Thursday, 8 August 2013

Book review: The Complete Sherlock Holmes vol.1

I feel like I've probably read all of Arthur Conan Doyle's Sherlock Holmes stories at some point or another, but how to know for sure if there's any I haven't quite caught? I got a four-volume Complete works downloaded onto the kindle and went back to the start, with the first volume covering A Study In Scarlet, The Sign of Four and the first short-story collection, Adventures of Sherlock Holmes. I'd re-read the first novel comparatively recently so it didn't hold many surprises, and its structure is a bit heavy handed (the first half of the novel is the investigation, the second half the background to the case, not exactly a slick whodunnit) but still enjoyable.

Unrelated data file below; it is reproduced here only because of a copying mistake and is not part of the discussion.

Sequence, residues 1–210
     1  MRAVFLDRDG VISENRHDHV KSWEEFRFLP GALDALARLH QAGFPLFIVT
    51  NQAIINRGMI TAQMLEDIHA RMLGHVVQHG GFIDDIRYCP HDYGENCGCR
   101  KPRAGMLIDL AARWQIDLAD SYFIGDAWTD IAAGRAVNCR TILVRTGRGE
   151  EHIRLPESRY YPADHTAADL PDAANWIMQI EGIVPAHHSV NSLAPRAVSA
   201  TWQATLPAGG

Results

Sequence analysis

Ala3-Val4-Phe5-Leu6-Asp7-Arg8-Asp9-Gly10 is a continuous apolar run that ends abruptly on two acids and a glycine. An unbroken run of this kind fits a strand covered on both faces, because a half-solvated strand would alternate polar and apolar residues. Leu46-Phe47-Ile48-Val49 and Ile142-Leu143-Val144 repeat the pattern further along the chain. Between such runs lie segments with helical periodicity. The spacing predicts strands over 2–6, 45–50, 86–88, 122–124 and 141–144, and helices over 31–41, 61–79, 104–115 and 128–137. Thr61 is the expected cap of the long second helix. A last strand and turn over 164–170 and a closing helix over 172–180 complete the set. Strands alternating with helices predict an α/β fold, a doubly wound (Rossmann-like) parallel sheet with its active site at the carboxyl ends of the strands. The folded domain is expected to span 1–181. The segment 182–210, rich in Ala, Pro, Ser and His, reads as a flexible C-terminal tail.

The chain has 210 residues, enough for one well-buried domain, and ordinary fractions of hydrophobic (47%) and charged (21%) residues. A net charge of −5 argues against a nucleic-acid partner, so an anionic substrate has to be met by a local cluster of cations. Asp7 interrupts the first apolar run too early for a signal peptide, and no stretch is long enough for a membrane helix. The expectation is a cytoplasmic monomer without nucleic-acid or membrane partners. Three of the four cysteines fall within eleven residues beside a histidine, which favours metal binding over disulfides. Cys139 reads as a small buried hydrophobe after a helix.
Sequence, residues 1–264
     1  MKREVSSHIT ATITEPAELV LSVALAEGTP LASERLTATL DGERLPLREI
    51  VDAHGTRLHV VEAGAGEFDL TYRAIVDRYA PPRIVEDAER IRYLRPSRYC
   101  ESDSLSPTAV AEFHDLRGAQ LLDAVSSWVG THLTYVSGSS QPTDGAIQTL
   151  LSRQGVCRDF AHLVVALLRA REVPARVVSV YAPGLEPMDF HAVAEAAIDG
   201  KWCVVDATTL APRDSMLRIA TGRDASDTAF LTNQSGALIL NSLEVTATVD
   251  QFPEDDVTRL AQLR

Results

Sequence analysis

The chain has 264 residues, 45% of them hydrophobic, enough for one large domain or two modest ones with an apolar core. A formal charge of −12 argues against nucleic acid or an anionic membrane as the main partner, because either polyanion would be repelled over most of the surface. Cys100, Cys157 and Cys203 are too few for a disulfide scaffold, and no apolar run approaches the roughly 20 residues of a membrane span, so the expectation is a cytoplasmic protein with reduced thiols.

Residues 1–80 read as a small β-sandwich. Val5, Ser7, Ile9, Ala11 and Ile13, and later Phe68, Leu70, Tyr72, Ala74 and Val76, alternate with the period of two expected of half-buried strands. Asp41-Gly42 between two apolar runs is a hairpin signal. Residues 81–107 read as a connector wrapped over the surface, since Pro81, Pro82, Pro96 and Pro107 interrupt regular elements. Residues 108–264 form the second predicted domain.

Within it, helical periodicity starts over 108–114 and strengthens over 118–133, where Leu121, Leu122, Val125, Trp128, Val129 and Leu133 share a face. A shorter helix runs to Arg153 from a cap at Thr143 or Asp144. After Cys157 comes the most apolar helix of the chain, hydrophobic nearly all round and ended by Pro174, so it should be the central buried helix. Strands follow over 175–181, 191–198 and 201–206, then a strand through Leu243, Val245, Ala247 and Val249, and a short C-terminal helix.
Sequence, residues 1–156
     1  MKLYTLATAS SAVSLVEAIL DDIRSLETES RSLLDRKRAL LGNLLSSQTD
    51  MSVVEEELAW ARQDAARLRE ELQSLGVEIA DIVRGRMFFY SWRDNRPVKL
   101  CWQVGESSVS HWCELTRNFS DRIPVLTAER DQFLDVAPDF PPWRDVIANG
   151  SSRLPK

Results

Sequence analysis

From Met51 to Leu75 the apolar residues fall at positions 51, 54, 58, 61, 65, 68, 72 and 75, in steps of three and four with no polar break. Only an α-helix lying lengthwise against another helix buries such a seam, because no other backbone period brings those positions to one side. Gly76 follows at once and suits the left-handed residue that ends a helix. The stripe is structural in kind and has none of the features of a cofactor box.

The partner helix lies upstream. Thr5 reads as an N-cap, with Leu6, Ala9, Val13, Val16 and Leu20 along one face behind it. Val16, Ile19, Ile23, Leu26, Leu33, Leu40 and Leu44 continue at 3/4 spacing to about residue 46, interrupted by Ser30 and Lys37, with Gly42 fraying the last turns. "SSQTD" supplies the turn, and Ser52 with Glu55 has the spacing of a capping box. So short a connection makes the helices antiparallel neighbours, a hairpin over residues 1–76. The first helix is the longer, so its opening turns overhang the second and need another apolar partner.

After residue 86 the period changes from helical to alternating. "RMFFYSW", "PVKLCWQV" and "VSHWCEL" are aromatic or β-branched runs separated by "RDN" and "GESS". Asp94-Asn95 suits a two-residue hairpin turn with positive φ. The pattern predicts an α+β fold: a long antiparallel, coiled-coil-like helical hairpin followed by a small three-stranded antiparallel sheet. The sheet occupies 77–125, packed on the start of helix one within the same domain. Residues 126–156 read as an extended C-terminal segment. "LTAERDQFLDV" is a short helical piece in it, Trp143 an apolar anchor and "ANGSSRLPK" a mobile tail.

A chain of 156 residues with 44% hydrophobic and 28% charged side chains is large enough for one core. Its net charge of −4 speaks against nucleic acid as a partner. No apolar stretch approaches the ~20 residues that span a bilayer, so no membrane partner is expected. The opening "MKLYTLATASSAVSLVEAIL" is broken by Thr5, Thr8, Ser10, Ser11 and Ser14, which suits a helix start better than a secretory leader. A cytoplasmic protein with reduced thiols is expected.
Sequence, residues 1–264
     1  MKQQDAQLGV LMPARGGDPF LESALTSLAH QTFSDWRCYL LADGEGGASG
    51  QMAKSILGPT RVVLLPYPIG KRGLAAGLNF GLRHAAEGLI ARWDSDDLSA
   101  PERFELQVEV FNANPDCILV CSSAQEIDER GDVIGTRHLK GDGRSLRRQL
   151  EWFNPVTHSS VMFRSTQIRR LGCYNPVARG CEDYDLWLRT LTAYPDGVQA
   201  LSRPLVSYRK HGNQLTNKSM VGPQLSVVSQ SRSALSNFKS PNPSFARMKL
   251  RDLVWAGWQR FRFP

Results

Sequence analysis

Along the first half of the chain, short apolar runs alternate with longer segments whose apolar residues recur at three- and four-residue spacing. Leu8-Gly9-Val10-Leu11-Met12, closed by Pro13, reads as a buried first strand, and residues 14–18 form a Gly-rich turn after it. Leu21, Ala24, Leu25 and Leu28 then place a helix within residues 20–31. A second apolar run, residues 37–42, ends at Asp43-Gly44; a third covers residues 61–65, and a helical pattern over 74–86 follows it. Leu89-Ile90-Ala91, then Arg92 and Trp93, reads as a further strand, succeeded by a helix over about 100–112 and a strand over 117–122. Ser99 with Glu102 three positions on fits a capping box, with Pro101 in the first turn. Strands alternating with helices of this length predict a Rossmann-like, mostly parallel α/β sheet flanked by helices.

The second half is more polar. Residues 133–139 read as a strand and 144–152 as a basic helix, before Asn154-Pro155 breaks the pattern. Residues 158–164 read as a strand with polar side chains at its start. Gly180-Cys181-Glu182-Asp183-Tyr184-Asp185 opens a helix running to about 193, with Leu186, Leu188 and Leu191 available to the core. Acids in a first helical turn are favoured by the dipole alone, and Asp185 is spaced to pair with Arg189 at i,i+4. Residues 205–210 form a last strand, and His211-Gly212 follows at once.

The Sign of Four also features an international backstory although Doyle manages to weave it into the investigation part of the novel a bit more successfully this time. The short stories in The Adventures of Sherlock Holmes include many I remembered quite well, like "The Five Orange Pips" - it's interesting, and not in a good way, that at the end of the 19th century the Ku Klux Klan are treated as the almost-defunct, entirely obscure fodder for a crime story, but in the following century they'd had enough of a resurgence that the letters "KKK" appearing on threatening letters makes the reader instantly guess their meaning.

By the end of three books in a row I was ready for a break from Conan Doyle but there's no denying these stories are more re-readable than most.

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